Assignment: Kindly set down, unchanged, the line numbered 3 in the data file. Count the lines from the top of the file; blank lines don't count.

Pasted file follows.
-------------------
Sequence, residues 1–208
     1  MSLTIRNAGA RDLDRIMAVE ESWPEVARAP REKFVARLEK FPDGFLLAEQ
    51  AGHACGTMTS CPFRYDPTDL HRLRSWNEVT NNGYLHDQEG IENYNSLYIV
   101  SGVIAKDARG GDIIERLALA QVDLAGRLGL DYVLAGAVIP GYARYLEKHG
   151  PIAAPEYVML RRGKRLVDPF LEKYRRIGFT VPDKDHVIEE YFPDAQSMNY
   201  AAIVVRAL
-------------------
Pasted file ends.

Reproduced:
    51  AGHACGTMTS CPFRYDPTDL HRLRSWNEVT NNGYLHDQEG IENYNSLYIV